Then, you need to improve your translation skills. You need to help clients say what they meant to say, not what they actually wrote. When you read something nonsensical in a client’s document, you need to not shrug and say Hey, they wrote it, I just translate! You need to flag that for the client and suggest alternatives. You also need to take some continuing education courses in your specializations, so that you understand the concepts you’re translating, not just how to translate them. You need to slow down. No one (not you, not me, nobody) can produce dynamic, engaging, flowing translations when they’re consistently translating 4,000 words a day. You can get 4,000 words of meaning across, maybe. But you can’t get 4,000 words of text that make the client say that’s just how we wanted it to sound. You need to be open to constructive criticism of your translations; when an editor finds an error, you need to think my goal here is to get better; and every time a really good translator edits my work, it’s an opportunity to improve.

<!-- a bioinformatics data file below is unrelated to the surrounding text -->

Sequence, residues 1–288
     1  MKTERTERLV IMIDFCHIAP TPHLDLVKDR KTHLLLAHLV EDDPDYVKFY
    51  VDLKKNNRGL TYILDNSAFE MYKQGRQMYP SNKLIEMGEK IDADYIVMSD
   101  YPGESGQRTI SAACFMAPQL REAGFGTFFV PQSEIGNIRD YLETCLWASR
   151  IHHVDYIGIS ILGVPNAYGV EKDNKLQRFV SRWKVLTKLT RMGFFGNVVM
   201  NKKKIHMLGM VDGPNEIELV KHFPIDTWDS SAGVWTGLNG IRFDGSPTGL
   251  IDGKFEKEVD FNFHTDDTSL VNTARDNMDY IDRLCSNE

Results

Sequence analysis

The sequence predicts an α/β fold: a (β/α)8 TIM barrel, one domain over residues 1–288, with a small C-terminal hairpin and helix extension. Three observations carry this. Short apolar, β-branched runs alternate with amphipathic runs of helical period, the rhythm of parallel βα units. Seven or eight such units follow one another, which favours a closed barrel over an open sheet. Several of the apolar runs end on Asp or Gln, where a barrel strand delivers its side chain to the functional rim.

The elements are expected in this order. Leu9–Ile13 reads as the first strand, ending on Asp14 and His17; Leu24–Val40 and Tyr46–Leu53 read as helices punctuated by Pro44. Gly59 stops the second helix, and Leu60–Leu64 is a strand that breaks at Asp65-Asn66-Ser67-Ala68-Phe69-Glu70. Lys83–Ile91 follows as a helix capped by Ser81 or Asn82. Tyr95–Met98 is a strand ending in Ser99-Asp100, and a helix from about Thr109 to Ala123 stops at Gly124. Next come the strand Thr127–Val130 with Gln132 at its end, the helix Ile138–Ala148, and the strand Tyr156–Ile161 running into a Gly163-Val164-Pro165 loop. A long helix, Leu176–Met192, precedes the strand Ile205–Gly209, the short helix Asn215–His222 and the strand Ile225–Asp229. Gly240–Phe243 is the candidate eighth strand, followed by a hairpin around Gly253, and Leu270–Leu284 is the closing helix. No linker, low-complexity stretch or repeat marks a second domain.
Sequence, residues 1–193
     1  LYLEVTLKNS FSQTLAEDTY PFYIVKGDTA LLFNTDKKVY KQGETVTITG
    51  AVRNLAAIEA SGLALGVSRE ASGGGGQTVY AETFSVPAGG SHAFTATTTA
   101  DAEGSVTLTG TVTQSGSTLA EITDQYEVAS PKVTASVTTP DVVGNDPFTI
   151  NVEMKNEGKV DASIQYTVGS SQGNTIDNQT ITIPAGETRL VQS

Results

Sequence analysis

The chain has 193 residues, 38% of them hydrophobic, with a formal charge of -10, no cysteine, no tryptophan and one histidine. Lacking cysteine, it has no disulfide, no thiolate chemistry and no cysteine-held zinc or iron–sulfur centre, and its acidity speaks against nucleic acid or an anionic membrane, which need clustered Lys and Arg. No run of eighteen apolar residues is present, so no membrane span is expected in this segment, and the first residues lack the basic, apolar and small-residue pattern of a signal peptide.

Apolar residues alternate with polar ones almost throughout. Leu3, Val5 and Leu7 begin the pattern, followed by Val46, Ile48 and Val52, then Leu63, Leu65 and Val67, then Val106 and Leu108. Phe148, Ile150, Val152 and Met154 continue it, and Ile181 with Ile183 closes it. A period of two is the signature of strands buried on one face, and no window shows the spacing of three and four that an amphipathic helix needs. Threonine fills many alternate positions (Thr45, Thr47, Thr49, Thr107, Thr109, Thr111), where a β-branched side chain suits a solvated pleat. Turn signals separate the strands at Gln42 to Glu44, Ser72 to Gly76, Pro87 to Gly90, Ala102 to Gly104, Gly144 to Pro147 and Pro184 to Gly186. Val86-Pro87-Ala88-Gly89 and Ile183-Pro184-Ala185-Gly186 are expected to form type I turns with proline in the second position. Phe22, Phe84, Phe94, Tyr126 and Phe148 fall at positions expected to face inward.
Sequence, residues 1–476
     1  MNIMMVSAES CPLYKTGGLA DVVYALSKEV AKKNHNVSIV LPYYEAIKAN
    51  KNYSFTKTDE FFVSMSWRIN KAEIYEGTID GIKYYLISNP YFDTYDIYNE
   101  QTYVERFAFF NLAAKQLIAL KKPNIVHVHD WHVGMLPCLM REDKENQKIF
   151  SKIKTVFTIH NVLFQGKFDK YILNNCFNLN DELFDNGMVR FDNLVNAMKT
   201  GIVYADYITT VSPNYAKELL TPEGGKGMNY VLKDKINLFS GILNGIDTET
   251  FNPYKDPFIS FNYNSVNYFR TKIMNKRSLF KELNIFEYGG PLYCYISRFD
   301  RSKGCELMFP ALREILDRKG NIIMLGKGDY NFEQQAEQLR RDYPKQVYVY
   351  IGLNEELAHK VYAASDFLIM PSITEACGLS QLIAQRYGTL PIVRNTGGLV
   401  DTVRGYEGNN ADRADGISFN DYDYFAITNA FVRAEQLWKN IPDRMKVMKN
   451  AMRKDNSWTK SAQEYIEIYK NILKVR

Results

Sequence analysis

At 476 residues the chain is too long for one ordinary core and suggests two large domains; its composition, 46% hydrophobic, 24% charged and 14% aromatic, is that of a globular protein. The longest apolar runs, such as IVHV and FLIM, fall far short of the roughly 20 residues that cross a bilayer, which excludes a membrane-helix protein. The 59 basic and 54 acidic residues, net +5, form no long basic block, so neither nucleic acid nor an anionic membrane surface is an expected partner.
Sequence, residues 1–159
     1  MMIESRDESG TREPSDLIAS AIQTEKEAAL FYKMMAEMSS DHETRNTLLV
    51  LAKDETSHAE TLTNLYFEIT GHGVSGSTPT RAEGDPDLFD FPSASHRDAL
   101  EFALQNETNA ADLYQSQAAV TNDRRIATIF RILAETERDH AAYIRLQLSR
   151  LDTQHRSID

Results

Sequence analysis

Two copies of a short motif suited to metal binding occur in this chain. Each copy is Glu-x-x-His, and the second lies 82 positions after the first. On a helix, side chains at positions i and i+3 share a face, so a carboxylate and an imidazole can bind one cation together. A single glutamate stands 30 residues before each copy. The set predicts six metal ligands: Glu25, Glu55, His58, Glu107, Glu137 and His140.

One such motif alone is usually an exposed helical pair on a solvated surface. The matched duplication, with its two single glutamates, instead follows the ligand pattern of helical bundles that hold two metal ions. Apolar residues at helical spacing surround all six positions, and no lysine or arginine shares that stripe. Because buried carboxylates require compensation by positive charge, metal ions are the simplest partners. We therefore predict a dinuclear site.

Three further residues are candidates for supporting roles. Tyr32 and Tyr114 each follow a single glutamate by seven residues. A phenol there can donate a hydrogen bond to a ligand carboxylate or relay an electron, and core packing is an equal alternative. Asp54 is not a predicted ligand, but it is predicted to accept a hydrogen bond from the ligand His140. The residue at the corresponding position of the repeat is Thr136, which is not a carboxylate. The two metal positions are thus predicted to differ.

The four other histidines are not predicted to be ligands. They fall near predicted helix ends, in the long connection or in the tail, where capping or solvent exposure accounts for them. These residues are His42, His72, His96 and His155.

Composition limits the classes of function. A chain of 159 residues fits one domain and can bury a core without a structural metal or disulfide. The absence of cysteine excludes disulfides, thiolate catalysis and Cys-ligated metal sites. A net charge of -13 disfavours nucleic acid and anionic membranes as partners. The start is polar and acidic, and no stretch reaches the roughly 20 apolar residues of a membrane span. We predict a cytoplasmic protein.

Finally, but perhaps most importantly, you need to improve your mindset. Step one in breaking out of the low-rate market is believing that your work and your time are worth more, and knowing that there are clients out there waiting for someone like you. And don’t be afraid to think big: instead of asking yourself what you can do to increase your income by 10% this year, ask what it would take to double your income while working a little less than you do now. You need to see yourself as a serious professional; as someone who does what your clients’ other serious professional service providers do…but in more than one language. You need to make a list of clients you’re going to ease out when you find higher-paying work. Take out a Post-It note and write “I am done working for XYZ on December 1” (you’ve got three months…that’s enough to find some better-paying clients if you hustle). The first time you say to a client I’d love to work with you, but unfortunately I’m not able to offer a discount, because I’m busy all the time at my regular rates, you’ll have a whole new image of yourself as a professional. You also need to be honest about your role in the low-rate market: if clients couldn’t find any translators to work for them at bargain-basement rates, they’d be out of luck. So decide that although you may need to hold on to some of those clients for now, so that you can eat while you look for better paying work, you are not taking on any more low-rate clients, because you are going to go find better ones, starting right now.